We hear all the time how newspapers are dying. But don’t let that fool you. Their value to researchers remains high. News items, especially in small towns, are a glimpse not only into our ancestor’s lives, but into the world they lived in. How much would it have cost for shoes or for that new Model T that Grandpa was so proud of? What were the political feelings of the time, and how do they differ from ours today?
Researching in local newspapers can also help answer many of the questions we have about our family. Look for:
- Marriages, anniversaries, and births
- Probate and Estate settlement announcements
- Visits from out of town
- Military troop movements for soldiers from the town
- Accidents and tragedies that would have affected your family
Where can I find newspapers? First, contact the local library, historical society, or county historian in the area your ancestor lived. Ask about indexes to newspapers, and if they are online, on microfilm, or in paper only. Occasionally, if they are on microfilm, you can request an inter-library loan through your own county library for a small fee. I have found unpublished index books created by local historical societies that cannot be found anywhere else.
Are newspapers online? Many newspapers are online, but not necessarily the ones you need. Some are indexed and some are not. Some of the popular places to check for the paper you are interested in are:
- Newspaper Archive ($, free to use at LDS Family History Centers)
- Fold3.com ($, free to use at LDS Family History Centers and in many local libraries)
- Ancestry.com ($, free to use at LDS Family History Centers and in many local libraries)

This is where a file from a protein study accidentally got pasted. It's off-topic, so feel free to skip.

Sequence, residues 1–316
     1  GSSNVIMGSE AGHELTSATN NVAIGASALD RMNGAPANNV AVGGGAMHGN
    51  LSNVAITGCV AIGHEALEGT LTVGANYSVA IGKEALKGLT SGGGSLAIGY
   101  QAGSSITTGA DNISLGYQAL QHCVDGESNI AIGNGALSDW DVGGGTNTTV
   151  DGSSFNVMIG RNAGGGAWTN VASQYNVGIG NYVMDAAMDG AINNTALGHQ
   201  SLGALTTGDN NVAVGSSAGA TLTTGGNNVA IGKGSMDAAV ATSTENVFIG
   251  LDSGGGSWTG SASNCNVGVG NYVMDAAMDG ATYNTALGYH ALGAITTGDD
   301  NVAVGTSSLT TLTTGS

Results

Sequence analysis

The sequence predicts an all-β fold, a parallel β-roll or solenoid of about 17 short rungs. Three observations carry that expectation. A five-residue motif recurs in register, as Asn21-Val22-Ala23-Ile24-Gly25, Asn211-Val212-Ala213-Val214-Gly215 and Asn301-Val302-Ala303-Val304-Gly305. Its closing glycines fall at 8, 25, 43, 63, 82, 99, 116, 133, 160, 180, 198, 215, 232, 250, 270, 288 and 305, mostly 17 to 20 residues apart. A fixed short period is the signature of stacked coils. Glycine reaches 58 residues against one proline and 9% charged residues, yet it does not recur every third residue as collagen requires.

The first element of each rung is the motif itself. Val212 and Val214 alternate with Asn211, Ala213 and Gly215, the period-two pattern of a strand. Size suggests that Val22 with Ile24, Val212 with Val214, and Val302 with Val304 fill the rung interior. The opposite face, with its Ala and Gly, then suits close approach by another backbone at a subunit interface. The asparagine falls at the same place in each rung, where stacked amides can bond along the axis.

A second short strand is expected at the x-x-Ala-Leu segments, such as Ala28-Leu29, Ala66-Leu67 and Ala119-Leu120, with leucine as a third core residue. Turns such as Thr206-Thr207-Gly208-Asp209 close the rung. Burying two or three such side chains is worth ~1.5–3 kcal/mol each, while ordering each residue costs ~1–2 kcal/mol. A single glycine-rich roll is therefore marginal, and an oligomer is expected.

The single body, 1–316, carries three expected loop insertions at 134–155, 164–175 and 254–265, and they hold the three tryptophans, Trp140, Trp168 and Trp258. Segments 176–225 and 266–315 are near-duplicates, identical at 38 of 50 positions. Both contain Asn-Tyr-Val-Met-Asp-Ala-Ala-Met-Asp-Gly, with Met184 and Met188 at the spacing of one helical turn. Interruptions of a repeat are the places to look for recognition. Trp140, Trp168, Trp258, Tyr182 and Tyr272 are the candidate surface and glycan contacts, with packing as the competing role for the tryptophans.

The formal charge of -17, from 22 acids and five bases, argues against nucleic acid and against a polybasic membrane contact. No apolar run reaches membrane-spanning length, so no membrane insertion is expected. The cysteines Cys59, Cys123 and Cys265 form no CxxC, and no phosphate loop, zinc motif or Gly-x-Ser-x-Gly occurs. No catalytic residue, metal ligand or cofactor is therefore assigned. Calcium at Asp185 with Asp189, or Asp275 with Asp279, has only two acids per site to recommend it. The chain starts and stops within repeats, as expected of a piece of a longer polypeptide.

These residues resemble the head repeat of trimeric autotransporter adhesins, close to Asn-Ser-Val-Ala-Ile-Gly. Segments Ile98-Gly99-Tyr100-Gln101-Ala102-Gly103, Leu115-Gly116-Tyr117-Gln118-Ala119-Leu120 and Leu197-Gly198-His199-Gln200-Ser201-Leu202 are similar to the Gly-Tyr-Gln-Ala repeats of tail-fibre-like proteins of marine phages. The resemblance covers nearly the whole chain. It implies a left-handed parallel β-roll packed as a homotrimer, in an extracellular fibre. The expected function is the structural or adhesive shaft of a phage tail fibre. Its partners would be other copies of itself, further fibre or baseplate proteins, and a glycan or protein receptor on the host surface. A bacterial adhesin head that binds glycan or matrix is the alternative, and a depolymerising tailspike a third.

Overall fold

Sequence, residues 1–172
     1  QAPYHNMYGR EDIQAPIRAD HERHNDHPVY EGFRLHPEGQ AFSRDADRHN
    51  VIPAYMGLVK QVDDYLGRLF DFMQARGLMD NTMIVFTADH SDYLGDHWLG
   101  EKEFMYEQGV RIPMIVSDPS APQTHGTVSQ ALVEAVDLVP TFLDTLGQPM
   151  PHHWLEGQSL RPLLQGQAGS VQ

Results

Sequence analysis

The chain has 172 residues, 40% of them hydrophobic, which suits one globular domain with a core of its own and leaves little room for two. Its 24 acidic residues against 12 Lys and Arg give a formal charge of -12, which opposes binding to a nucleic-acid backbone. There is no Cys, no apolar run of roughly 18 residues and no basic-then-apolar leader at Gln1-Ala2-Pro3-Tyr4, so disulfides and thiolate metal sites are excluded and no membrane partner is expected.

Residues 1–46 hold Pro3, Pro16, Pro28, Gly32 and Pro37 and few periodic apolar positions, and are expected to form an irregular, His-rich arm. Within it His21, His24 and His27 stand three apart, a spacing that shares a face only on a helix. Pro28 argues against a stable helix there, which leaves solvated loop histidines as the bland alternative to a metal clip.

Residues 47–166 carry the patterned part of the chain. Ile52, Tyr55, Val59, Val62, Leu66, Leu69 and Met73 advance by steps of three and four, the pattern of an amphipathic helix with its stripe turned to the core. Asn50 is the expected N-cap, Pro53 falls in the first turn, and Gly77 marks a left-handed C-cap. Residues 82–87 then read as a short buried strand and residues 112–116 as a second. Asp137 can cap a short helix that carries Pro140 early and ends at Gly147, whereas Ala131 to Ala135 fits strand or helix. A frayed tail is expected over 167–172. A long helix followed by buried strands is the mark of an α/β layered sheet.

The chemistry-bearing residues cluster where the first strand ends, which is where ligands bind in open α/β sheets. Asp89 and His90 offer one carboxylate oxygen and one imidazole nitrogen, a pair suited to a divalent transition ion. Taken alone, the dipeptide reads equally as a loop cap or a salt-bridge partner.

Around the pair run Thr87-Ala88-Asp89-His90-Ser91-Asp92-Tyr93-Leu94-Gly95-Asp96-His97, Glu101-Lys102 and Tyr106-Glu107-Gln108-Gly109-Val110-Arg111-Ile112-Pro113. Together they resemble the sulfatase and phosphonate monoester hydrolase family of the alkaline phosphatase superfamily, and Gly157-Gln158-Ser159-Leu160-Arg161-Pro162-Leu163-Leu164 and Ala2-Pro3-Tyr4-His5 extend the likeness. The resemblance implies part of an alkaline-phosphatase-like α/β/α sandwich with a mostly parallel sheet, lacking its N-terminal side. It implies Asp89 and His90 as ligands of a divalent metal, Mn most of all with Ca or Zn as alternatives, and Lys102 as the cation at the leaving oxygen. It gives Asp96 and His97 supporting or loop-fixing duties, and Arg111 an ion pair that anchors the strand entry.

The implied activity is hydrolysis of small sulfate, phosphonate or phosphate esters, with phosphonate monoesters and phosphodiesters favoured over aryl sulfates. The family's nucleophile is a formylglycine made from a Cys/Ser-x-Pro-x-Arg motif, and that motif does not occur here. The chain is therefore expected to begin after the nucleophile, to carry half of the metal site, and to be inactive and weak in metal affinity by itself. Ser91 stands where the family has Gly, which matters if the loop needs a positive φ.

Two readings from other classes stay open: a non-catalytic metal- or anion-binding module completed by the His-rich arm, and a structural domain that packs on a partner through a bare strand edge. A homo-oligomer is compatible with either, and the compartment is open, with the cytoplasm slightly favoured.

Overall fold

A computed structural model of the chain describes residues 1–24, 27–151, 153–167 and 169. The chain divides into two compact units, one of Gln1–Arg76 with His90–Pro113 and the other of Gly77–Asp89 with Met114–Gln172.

- Genealogy Bank ($)
- Check your local library. They often subscribe to historic newspaper sites that may be associated with surrounding areas.
What is OCR? Online newspaper projects often use a system known as Optical Character Recognition software. It allows newspapers to be word-by-word indexed and searchable. It isn’t perfect, especially since the type face or copy quality of the newspaper may cause words and letters to be mis-identified. When looking for my 5th Great-grandfather’s obituary at a site for Western New York papers, I had a hard time. His name, James Whitman, finally came out as “Jamas” before I could identify it. Be creative and patient in your search.
Don’t give up. Newspaper research can be time-consuming, and is dreaded by avid genealogists. However, it is also one of the most richest sources of information. I finally found where James Whitman was buried. No, not in his own obituary. I found it in the third of FOUR obituaries for his daughter, Anna. I knew that people often had multiple obituaries, but Anna was apparently very popular. The third obit stated that she was being buried next to her parents. That was the key. Anna has a headstone, but two plots lie unmarked beside her. Now we know. What will you find out, with some research into the newspapers of your ancestors’ times?